In partnership with the University of Cambridge Center for Research in the Arts, Social Sciences, and Humanities () and the USC-Huntington Early Modern Studies Institute ( ), the Sidney Harman Academy for Polymathic Study is providing support for Kimberly Skelton, Ph.D., the inaugural 2013-2014 CRASSH/EMSI/Harman Academy Postdoctoral Fellow in Early Modern Visual and Material Culture. Dr. Skelton received her Ph.D. from Yale University in 2007.
Dr. Skelton has taught courses on early modern art and architecture at Tufts and Brandeis Universities since 2007. Her research interests reflect the tenets of polymathic inquiry, centering on intersections of early modern intellectual, phenomenological, and architectural history – particularly the question of how philosophical arguments about human perception informed design and reception of the built environment. The Paradox of Body, Building and Motion in Seventeenth-Century England, her recently completed book manuscript under contract with Manchester University Press, explores how seventeenth-century English architects and patrons rethought the domestic interior into networks of circulation, as motion became a dominant mode of cultural perception. She has also published on the German Wendel Dietterlin’s fantasticalArchitectura (1598) and the impact of the Italian Andrea Palladio’s church façades in England and America.
The project she has chosen to investigate with the fellowship is entitled Look But Don’t Touch: Sight-Touch Paradigms in Early Modern Architecture, which seeks to investigate the growing separation between sight and touch in both lived experience and philosophical argument over the course of the seventeenth-century. Prior to the seventeenth-century, individuals often understood the world through a combination of sight and touch, handling objects in private collections. However, as understanding of the eye and sight grew, the ties between touch and sight lessened. The late seventeenth-century and eighteenth-century saw architects resituate building theory and design in a viewer who looked sequentially and looked more than touched. This interdisciplinary project traces the emergence of the sequentially looking sensory viewer in the seventeenth-century through case studies, as well as examining this visual turn’s effect on architecture and its reception. It is an ideal project for our inaugural Postdoctoral Fellowship, combining architecture, art, scientific discovery, and cultural historical inquiry into a truly polymathic endeavor. Furthermore, the Harman Academy support will allow Skelton to take full advantage of the resources offered by our partners at the EMSI and CRASSH, as this project depends upon in-depth archival research at the Huntington Library, Cambridge University Libraries, and Fitzwilliam Museum.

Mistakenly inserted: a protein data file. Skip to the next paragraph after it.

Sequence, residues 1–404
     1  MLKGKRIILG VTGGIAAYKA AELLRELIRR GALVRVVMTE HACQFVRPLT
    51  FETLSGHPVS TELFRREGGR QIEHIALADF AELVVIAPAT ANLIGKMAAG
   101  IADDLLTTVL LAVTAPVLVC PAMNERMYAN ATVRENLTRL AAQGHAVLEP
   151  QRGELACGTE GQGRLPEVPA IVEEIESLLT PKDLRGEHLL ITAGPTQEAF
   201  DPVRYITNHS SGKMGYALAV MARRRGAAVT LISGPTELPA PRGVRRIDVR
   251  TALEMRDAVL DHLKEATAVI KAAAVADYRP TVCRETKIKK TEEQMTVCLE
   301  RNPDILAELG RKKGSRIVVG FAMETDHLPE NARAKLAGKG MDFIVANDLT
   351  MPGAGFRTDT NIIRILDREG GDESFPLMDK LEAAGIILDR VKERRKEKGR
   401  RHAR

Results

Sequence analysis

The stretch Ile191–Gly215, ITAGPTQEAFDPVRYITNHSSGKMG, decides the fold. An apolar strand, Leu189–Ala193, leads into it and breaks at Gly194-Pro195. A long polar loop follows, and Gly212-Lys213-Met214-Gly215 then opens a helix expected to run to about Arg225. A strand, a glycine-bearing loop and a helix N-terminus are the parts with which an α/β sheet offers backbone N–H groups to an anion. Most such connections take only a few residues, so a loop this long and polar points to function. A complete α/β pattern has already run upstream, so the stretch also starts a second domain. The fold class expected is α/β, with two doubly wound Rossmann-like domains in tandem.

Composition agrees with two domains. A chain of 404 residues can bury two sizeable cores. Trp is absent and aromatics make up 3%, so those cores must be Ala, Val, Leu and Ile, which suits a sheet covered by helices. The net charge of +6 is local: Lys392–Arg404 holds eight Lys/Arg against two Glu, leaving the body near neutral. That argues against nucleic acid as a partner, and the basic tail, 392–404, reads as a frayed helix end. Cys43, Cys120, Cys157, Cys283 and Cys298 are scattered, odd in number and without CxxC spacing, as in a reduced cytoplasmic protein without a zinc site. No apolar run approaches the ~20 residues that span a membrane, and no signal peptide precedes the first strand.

Dr. Skelton will be leading a Master Class entitled, “Sight In Context: Early Modern Modes of Perception” at the USC Sidney Harman Academy for Polymathic Study (Doheny Memorial Library, Suite 241) on Thursday, February 27th (Please note: This has been changed from the original date of February 20th) from 5:30 to 7:30 pm. The class will explore many of the most pertinent aspects of Dr. Skelton’s research, specifically how concepts of sight and perception shifted in the seventeenth-century and how that affected perception of space, architecture, art, etc. Please join us for this truly polymathic discussion and to celebrate our inaugural Harman Academy Postdoctoral Fellow!
RSVP: Go toand enter ESVP code: MASTERCLASS